the picnic where nobody came

Uncategorized Jul 06, 2022

It was supposed to be a picnic, a reunion of forty-some family members in a summer cottage community to which my extended family has come for our entire lives.  There would be a cook-out in a park with a playground and a splashpad, and there would be a family photo to memorialize the occasion.  But four hours before, one of the family members who had been feeling under the weather for a few days tested positive for Covid, and that severely altered all our plans.  Everyone who had been in the cottage with the affected person agreed that they would not attend; and from that point on, with the picnic cancelled, most decided that they wouldn’t gather for the photo either. 

My oldest cousin who had organized this whole event had asked me to share a word of historical perspective about how and why we had first come to this spot on Lake Michigan.  I never had the chance to deliver that short speech, so I’m sharing it here:

“In 1931, during the Great Depression, our grandfather Eldo Wagner purchased the Pennsylvania Hotel in downtown Indianapolis.  Within a few years, it became necessary to rent out their lovely home and move into a suite of rooms in the hotel, taking their meals in a rooming house nearby.   

But the streets of the city were not a desirable place for his children to play during the summer, so in 1935 Eldo and his wife Mary were looking for somewhere to take their kids.  Friends with whom they played bridge told them of a resort in Ludington, Michigan called Epworth Heights.  That first summer they rented a cottage called Corner Lane.  Aunt Martha was six and her brother Uncle Bill was ten.  When they were alive, they told of arriving for the first time, running out of the cottage toward Lake Michigan.  The first sight of the ‘big lake’ so caught them that they never recovered, returning summer after summer for the rest of their lives… a blessed addiction.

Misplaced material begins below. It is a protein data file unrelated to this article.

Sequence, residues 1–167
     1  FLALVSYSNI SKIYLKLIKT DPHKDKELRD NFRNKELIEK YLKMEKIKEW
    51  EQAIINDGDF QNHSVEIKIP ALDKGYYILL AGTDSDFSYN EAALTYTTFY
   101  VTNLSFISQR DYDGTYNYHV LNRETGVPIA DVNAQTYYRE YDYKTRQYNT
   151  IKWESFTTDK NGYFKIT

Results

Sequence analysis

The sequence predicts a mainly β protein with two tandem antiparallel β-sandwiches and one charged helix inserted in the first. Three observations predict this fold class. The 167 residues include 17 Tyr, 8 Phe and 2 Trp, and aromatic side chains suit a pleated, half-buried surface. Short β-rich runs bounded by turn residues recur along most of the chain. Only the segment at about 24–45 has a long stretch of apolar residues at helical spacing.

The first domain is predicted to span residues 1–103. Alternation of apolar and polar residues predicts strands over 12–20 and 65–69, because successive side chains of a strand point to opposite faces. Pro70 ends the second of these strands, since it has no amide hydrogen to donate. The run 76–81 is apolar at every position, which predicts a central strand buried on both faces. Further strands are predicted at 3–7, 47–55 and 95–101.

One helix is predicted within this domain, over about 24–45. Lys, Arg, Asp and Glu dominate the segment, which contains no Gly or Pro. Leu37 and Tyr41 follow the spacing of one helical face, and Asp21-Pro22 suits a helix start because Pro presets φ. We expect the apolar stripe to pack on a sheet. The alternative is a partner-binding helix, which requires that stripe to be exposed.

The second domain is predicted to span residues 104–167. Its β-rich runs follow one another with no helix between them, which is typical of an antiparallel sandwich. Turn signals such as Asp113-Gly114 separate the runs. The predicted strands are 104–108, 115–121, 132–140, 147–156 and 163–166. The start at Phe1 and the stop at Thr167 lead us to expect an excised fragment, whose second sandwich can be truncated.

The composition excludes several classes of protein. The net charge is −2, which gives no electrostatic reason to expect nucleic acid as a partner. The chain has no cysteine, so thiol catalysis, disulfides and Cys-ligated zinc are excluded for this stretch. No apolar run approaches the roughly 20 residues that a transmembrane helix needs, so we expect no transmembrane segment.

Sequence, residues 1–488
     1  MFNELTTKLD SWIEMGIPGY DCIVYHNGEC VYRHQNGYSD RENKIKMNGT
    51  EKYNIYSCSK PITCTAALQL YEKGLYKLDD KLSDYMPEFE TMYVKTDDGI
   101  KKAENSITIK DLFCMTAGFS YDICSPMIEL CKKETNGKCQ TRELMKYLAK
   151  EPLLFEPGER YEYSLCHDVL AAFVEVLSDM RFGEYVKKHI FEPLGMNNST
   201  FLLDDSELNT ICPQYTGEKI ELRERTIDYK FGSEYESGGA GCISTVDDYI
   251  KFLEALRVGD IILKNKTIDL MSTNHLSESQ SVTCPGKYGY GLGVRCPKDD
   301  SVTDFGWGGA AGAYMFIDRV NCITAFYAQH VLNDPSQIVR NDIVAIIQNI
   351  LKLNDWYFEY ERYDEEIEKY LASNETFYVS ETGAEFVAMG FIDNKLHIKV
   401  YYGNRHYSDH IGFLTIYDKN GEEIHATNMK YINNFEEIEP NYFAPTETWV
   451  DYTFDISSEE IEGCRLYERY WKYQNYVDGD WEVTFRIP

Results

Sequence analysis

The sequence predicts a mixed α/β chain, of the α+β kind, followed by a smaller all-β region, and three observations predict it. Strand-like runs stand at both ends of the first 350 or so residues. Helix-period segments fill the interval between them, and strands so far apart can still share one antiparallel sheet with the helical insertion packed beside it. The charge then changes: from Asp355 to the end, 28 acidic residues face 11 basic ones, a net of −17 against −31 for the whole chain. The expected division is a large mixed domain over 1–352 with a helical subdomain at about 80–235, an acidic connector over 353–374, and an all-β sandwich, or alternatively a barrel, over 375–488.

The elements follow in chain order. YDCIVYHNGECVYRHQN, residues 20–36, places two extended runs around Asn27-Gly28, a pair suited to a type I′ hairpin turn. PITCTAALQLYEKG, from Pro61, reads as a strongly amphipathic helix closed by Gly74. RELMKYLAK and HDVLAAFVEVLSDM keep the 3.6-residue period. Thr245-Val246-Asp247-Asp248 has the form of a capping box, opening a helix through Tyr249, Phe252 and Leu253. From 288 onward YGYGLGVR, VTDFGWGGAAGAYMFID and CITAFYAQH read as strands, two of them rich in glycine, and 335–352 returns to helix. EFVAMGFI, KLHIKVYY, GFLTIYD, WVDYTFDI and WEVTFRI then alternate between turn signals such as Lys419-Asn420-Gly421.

In 1937 Mary and Eldo purchased a cottage. Later my grandmother inherited a second from a friend.  Now our extended family inhabits five.  At least one of my cousins was likely conceived here on her parents’ honeymoon.  One was born here.  At least one was engaged and four were married here, five are buried here and many more have been memorialized here.  This is where we hatch ‘em, match ‘em and dispatch ‘em.  This place becomes part of you whether you are born in, marry in, or enter by adoption.  However, you come to this family, you are a Wagner; you belong to Epworth and Epworth belongs to you.” 

That’s what I would have said.  Unfortunately, most of us weren’t able to gather for that picnic. So, I hope someone shares their legacy story with my treasured family.

Love, Liz